"Many key characteristics of the 'modern' family make their appearance as early as the 1300s... He says this era saw the appearance in northwest Europe of small parent-child families, weakened family ties, independent teenagers and marriages between men and women who had chosen each other."
Simultaneously, the northwest Europeans, with the
English and their
common law in the lead, evolved a system of justice that lessened
the need for individuals to belong to Mafias. Their
governments would not only allow private enterprise,
but, through its monopoly on violence, enforce private
contracts, and enforce them fairly.
In turn, this made mutually profitable business dealings between unrelated individuals feasible without the threat of violence to insure the execution of contracts. Over time, vast corporations of cooperative strangers emerged, able to accomplish voluntarily feats that slave-driving pharaohs couldn't dream of.
And governments could tax the wealth they generated to buy weaponry in staggering amounts.
As extended families declined in importance, arranged marriages became less necessary for dynastic purposes, so individuals began to get more freedom to marry their true loves.
And Americans further cultivated the big business virtues, such as friendliness toward strangers to facilitate buying and selling with anybody in pursuit of a profit.
Mr. Taylor asks:
"The great, unanswered question in American—and world—history, is why the white man lost his nerve and went from warrior and colonizer to liberal and loser."
But, as this quick and dirty history shows, it was this traditional momentum toward expansion of the community, openness, and inclusion that had made America the strongest and richest country in the world.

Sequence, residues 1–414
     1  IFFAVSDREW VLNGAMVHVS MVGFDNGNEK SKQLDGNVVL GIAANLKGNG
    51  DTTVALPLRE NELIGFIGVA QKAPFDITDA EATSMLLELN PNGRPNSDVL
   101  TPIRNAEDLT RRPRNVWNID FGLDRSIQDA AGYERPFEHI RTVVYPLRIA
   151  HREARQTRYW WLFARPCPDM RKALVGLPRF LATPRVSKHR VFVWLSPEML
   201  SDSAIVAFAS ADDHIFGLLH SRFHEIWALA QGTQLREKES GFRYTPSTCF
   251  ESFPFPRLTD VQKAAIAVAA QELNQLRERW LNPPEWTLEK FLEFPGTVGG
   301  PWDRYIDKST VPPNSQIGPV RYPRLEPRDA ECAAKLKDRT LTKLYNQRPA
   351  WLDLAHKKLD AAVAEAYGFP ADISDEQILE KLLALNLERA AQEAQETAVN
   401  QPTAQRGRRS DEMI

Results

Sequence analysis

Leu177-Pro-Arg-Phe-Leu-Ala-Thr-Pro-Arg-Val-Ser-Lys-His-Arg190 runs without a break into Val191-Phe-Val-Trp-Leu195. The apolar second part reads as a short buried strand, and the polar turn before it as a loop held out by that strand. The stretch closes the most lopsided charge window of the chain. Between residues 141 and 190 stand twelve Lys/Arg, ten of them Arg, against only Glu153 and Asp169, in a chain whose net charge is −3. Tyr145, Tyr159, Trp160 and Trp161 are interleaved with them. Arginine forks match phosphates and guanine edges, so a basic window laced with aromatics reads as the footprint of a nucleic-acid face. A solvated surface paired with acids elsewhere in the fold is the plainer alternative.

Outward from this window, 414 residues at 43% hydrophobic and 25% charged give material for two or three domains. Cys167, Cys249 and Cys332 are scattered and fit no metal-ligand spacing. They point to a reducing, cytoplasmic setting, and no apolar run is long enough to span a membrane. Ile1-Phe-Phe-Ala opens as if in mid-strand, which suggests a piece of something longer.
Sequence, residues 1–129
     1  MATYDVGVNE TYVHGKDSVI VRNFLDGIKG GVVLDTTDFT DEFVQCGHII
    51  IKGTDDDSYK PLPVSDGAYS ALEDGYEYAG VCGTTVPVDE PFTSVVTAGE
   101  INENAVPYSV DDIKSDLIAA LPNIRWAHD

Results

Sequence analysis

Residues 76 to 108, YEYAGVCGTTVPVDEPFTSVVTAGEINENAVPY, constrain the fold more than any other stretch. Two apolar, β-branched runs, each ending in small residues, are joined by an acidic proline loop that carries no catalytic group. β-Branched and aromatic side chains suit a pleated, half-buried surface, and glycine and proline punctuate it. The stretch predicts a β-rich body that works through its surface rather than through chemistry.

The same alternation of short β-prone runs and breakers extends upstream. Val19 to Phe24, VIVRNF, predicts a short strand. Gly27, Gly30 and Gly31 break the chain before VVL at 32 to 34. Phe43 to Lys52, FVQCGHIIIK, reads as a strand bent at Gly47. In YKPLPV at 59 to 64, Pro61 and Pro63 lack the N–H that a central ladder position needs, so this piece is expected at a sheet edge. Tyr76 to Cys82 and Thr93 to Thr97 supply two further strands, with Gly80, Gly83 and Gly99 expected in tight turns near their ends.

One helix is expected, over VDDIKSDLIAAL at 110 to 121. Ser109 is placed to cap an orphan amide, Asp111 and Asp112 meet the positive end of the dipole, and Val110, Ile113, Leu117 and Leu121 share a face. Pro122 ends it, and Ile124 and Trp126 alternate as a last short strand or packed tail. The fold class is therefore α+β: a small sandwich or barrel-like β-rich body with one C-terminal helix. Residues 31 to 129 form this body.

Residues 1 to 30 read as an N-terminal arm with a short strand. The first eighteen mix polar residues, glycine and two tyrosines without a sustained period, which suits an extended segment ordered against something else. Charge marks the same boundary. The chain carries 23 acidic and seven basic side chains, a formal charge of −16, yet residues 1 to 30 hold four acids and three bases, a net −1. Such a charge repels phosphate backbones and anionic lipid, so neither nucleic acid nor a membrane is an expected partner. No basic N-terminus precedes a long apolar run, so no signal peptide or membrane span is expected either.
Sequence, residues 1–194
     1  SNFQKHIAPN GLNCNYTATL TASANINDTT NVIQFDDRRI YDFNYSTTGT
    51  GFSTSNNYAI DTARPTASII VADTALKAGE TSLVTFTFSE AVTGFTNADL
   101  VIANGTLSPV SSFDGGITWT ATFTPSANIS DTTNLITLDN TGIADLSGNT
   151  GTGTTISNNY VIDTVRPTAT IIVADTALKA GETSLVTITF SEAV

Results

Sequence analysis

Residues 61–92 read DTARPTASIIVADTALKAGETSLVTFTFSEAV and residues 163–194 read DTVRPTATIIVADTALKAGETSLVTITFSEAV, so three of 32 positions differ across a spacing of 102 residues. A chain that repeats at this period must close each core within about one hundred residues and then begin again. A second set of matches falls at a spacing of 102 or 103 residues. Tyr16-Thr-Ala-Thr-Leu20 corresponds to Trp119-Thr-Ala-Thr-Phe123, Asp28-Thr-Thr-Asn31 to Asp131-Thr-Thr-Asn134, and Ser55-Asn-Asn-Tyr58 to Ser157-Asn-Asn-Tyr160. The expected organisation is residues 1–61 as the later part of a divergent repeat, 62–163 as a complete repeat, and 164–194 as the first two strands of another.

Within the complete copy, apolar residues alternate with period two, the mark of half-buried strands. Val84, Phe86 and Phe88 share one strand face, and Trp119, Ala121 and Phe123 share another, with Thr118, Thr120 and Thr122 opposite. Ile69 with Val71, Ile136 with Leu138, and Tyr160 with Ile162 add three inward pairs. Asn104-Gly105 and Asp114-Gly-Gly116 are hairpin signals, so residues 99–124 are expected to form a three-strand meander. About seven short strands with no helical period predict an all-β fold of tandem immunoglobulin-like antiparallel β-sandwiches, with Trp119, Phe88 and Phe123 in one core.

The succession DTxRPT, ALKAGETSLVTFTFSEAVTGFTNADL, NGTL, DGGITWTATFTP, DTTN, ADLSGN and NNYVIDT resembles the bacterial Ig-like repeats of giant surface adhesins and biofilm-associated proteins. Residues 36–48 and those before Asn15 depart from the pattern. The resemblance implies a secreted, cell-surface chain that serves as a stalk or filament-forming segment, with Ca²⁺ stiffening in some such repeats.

Consider how some of the steps in the dismantling of Jim Crow grew out of these long-term trends that had made America pre-eminent.
- The military was integrated at the beginning of the Cold War, which allowed maximizing the size and effectiveness of the combat arms.
- Segregation was expensive, so businessmen grew tired of Jim Crow, which had held the South back economically.
- Branch Rickey integrated baseball in 1947 by hiring Jackie Robinson. The Anglo-American tradition of fair play put on the defensive everyone trying to deny Robinson his chance.
- California's law against interracial marriage was overturned by the State Supreme Court in 1948, in part because American soldiers were returning from the Pacific War to live in California with their Asian war brides. Americans don't like getting in the way of love and marriage.
But these constructive tendencies toward equal treatment and broadening of the definition of "us" do become self-destructive, even suicidal, if there are no limits.
America's fortunate status as a middle class, homeowning society has always depended on our country being relatively underpopulated, leading to high wages and low land prices. The middle class America we love and admire can't survive without limits on who can enjoy the benefits of being an American.
Nor can our freedoms and our equality of laws and manners survive if we take in too many people of significantly higher or lower earning potential than our current average.
So where do we draw the line over who gets to be an American?
The elites want to keep the line as hazy as possible so they can continue to import massive amounts of cheap labor, which will also provide themselves with sinecures "managing diversity".
Their opponents differ on where to make their stand:
- The white nationalists want to draw the line within America, around whites only.
- And the citizenists want to draw the line at the border.
Mr. Taylor contends that "duty does not calculate the odds of success" but I do.
And I'm betting on citizenism, not white nationalism, as the principle that could save America.